Succession Management

A successful strategy will always consider the organisation's continuity. Planning and the timely succession of key players are essential to the process.

Change of guard

In most cases, a succession is the result of a planned and well-though exercise, but sometimes a successor needs to be found unexpectedly, The  success of this exercise depends largely on the identification of potential successors, the attraction of external talent and the creation of a dedicated training program. This allows organisations to avoid unpleasant surprises and to offer perspectives to the employees. This approach is cost-effective, and avoids unnecessary frustrations. It is worth stating here that discretion and diplomacy are ‘part and parcel’ of the process.

Generational shifts in family businesses

Succession management applies in all types of organisations, from start-ups to family businesses and large enterprises. But each type requires a different approach. As the founder, main shareholder and/or CEO of a family business you may be thinking about passing on the torch, and some of your family members may feel a calling to follow in your footsteps.

A family charter can be written up as part of an efficient succession plan. The Board of Directors and/or family council assures the objectivity of the succession process and is accountable to the family shareholders.

Our experts can provide objective help through the succession process, should you need them to. Assessing the potential of family members and setting specific leadership pathways can be an important part of this process.

How you pay your family members can also give cause for discussion. For that reason it is extremely important to keep any financial interests through shareholdings entirely separate from payments received for operational responsibilities. Hudson can help you decide the salary package, based on the prevailing market rates and the levels of responsibility.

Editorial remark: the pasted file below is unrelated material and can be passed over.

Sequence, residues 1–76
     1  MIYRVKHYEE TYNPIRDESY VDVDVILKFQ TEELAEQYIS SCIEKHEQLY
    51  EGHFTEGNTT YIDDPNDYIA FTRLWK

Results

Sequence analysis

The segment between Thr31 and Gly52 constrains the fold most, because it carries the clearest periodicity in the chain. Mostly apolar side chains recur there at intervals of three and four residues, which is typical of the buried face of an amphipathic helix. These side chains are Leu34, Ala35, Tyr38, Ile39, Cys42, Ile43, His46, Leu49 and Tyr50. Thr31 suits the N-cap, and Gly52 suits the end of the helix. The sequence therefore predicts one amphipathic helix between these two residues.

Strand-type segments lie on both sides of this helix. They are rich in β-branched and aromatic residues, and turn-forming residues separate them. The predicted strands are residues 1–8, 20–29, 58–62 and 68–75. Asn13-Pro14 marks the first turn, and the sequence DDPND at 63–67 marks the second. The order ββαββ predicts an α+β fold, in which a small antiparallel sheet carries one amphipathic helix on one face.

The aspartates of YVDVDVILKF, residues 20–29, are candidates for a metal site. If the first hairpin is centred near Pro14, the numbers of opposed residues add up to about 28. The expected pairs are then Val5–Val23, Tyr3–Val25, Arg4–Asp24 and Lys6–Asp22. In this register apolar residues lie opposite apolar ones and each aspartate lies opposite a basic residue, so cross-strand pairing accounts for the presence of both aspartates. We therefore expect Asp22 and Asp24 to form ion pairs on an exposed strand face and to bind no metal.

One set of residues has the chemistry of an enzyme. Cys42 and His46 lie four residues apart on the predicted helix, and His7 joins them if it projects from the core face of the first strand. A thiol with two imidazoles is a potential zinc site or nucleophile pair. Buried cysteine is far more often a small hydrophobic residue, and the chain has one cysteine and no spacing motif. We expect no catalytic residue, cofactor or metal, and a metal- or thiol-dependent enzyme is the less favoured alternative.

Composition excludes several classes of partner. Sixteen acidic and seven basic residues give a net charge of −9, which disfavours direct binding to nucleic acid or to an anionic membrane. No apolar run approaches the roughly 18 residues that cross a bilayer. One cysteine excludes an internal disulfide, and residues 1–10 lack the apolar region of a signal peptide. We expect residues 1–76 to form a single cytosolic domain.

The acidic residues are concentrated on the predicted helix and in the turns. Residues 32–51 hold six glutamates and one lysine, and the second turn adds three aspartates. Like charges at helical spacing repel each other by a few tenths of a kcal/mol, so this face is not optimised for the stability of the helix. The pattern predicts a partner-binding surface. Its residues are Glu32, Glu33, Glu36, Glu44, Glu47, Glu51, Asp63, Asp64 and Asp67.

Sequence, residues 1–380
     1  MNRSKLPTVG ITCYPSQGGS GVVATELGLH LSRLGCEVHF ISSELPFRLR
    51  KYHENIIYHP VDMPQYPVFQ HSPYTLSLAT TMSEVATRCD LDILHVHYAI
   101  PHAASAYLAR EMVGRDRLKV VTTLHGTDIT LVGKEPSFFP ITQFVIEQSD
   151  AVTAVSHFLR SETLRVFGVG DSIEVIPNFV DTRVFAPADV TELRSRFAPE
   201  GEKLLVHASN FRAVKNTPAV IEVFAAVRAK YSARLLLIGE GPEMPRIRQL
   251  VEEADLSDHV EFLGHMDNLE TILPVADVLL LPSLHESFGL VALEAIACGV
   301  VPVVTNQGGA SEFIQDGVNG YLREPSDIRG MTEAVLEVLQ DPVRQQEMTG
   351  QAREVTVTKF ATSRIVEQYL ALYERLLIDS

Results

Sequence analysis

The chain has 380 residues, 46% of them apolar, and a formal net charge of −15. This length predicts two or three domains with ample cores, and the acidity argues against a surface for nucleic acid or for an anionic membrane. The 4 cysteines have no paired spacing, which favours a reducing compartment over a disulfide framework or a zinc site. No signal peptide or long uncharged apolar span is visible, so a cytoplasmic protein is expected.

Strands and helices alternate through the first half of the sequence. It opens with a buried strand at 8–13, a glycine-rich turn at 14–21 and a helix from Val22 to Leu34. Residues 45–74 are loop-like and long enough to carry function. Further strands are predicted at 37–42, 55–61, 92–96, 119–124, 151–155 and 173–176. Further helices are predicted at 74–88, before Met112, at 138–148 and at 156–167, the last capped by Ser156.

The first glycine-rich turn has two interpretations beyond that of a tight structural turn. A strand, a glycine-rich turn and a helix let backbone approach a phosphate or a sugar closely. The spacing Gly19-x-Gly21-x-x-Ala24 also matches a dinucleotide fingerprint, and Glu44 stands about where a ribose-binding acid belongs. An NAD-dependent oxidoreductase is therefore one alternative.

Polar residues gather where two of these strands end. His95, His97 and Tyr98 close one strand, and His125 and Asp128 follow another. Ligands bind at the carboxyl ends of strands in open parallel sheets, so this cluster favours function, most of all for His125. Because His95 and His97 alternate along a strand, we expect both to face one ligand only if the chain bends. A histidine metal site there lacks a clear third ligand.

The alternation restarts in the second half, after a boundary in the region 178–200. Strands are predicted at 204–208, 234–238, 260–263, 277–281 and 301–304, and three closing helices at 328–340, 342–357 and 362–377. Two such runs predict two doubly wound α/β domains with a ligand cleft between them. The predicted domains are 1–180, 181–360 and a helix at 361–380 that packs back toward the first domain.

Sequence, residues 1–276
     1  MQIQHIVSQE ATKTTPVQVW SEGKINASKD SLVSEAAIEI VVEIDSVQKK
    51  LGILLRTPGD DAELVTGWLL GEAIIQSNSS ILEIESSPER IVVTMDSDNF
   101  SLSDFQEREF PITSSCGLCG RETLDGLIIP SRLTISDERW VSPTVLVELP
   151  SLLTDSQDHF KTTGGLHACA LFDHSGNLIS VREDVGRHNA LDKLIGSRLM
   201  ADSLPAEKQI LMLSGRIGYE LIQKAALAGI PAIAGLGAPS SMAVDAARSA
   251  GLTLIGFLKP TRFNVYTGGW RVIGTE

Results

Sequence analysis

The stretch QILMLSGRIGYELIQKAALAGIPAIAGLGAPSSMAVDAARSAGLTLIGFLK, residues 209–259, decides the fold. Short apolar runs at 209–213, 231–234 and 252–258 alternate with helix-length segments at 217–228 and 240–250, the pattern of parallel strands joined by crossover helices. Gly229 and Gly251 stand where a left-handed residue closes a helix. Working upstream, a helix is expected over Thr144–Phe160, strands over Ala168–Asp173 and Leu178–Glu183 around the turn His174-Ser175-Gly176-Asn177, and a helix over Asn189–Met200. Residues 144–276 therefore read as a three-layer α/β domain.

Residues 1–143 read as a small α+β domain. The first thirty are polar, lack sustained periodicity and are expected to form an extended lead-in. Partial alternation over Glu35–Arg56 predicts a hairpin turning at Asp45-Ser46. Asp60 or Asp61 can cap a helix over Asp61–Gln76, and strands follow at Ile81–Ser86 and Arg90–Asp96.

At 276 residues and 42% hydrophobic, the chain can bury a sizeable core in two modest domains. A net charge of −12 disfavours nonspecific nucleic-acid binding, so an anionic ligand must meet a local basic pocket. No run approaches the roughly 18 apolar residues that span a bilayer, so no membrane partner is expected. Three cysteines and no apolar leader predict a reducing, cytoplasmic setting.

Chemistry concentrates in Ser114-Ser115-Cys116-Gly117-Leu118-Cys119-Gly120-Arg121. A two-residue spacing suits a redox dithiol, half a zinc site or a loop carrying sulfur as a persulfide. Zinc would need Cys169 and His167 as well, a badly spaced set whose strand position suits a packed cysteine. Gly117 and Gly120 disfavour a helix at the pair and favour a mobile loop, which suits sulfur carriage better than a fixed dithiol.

As a neutral and independent party we steer the succession process in conformance with the corporate governance guidelines and family charter. This approach is based on discretion, neutrality, confidence and respect for the family values.

Succession in large organisations

Succession management is a complex matter in large organisations. It is a combination of different disciplines such as job design and grading, competency, career and talent management and reward management. The HR policy also covers talent review processes. Tools such as the 9 box can be used in the succession-management context to identify potential and performance objectively.
In the first place, Hudson helps sharpen the approach by answering a series of core questions:

  • For which key employees or roles should internal successors be groomed?
  • Is there a need to attract external talent? Is it worth identifying a bigger talent pool from which successors can be selected?
  • What is the definition of a key role, and what are the criteria involved?
  • What would the real financial and operational impact be if individuals left the firm in the short-term?

Our remote solutions and our development and learning centres allow us to identify these talent pools effectively. Individualised reports based on a leadership model help map the potential in large groups of employees.

In the next phase, a personal development plan is used to groom employees for key roles. They can then be bound to the organisation for a longer period through internal mobility, individual coaching and leadership programs, and so on. Our consultants can put an annual talent review process in place and screen potential successors objectively in terms of readiness for the role. Hudson can also steer the appointment process for future members of the management committee in close collaboration with the remuneration and nomination committee.

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